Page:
- The Washington Times - Saturday, March 15, 2003

Utility companies have begun to ask customers to pay a monthly fee as insurance in case the water pipes on customers' properties break.
Dominion Virginia Power, which provides electricity to about 614,000 customers in Alexandria and parts of Fairfax, Arlington, and Loudoun counties, is the first to solicit the fee. Other utilities in the Washington area are considering offering similar services.
Dominion's water-line-replacement program costs $3.25 a month and guarantees an owner's water line, up to 125 feet, for a single-family house.
If the line breaks, Dominion will repair it for free. Otherwise, the break is the homeowner's responsibility to fix, at a cost of at least $1,500.
Phone and electric companies have similar programs that insure lines inside a customer's home, which are the homeowner's responsibility.
"People like the peace of mind that we take care of contacting the plumbing company and they'll do the work within 24 hours," said Dan Donovan, spokesman for the Dominion affiliate offering the service.
The program is part of a series of insurance plans the company is rolling out.
"Dominion has done similar programs with electric lines going into customers' homes, so we figured: Why not water lines?" Mr. Donovan said.
While the response has been mixed, Mr. Donovan said he expected participation similar to the program's test in Richmond last year. Mr. Donovan would not say how many Richmond customers signed up.
Not all homeowners need the insurance, said Jim Hurt, a service manager and master plumber at My Plumber, a Manassas contractor.
"Anytime there's a transition from a hard freeze to warmer weather, you see the number of pipe breaks go up, but it's often the whim of the weather and pipe material," Mr. Hurt said. "I wouldn't buy it for my home."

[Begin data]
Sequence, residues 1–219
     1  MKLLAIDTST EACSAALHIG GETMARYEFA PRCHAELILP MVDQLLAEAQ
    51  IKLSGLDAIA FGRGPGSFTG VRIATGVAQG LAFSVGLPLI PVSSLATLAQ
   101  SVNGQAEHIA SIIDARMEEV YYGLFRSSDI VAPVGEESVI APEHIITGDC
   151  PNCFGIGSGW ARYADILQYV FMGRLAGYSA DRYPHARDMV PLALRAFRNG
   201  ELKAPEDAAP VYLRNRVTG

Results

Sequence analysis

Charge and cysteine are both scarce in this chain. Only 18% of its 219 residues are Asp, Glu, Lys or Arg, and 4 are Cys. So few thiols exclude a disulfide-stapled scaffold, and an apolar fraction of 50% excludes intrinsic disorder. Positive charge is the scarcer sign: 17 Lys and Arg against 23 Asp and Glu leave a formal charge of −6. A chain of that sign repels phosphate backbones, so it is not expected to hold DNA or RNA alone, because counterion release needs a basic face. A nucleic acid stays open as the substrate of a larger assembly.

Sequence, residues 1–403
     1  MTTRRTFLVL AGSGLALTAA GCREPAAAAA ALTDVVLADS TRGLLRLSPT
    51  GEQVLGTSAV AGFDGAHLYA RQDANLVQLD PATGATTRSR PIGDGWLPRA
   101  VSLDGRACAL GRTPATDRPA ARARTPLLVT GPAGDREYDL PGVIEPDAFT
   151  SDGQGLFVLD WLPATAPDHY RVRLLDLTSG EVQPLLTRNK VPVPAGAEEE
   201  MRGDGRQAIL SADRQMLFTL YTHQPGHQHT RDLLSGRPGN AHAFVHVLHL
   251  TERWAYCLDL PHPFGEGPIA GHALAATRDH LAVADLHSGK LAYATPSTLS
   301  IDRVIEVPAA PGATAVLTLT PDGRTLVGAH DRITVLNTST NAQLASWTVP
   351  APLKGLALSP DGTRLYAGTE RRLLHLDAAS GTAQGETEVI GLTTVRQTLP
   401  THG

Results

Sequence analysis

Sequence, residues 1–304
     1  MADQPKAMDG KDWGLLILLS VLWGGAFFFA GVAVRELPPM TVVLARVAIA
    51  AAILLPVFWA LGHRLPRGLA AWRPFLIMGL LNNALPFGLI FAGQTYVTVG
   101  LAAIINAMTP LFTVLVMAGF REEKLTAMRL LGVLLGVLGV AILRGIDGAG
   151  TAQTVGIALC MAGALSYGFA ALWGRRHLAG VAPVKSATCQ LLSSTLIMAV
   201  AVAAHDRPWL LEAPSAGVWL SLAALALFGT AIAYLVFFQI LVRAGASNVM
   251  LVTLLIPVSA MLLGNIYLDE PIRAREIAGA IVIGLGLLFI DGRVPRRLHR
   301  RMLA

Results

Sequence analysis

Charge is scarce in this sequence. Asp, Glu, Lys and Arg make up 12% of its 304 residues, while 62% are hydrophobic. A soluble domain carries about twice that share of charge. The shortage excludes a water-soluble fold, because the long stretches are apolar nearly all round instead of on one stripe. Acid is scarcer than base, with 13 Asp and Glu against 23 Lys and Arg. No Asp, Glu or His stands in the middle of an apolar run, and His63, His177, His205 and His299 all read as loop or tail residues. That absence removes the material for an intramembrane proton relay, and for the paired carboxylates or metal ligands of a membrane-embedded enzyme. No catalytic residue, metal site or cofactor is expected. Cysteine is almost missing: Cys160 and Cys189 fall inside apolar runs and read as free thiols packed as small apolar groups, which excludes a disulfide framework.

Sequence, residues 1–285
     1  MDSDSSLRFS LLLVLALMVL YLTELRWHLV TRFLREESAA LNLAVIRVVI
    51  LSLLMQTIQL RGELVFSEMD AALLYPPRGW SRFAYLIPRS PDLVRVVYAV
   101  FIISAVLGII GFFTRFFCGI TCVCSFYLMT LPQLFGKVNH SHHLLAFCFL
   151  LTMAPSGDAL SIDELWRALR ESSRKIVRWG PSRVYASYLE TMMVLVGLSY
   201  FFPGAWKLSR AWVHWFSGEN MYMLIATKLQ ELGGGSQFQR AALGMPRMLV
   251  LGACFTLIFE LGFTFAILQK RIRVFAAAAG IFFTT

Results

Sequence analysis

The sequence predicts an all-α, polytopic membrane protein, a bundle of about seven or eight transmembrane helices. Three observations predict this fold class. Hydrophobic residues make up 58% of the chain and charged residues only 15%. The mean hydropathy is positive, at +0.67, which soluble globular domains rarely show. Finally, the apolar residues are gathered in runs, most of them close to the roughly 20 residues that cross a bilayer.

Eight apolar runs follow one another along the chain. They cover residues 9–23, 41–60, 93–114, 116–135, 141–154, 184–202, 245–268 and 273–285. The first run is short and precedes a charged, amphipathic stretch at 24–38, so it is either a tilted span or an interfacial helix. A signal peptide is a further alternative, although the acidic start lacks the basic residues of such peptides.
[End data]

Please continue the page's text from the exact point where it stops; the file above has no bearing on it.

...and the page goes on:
The D.C. Sewer and Water Authority is monitoring the Dominion program and is planning a similar insurance plan to homeowners for sewage backups, Chief Financial Officer Paul Bender said.
"These sort of services give a homeowner peace of mind over something like sewage backups that happen each year simply because of the topography," he said.
However, city residents have less responsibility for their water lines than do suburban homeowners, Mr. Bender said.
"City residents tend to own very little of their home water lines because the line ownership is determined by the property lines," Mr. Bender said. "If the resident owns their home to the front door, it's not a big responsibility."
Jeanne Bailey, spokeswoman for Fairfax County Water Authority, said the measure would require additional approval from the state and was not an option the authority was considering.
The program must gain approval from the Virginia State Corporation Commission, the state's regulatory arm for public utilities.
Arlington County also has no plans for a water-pipe insurance program, spokeswoman Pamela Locke said.
But other utilities see the program as a timely service after a harsh winter caused a spike in the number of pipe bursts.
"It's an intriguing idea," said Liz Kalinowski, spokeswoman for the Washington Suburban Sanitary Commission, which supplies drinking water and sewage services to 1.6 million residents in Montgomery and Prince George's counties.
The commission already has repaired 1,291 public water-pipe breaks from November to January. In an average year, the commission repairs 1,426 broken water lines.
"The number we've experienced this year gives you an idea that if it's this high for us, residents must be feeling the effects as well," Ms. Kalinowski said.
American Water Works, which provides water service to Alexandria and Hopewell, Va., residents, has a similar program in New Jersey, Indiana, Pennsylvania and Long Island, N.Y. The company may offer it locally in the future, spokeswoman Beverly Ingram said.

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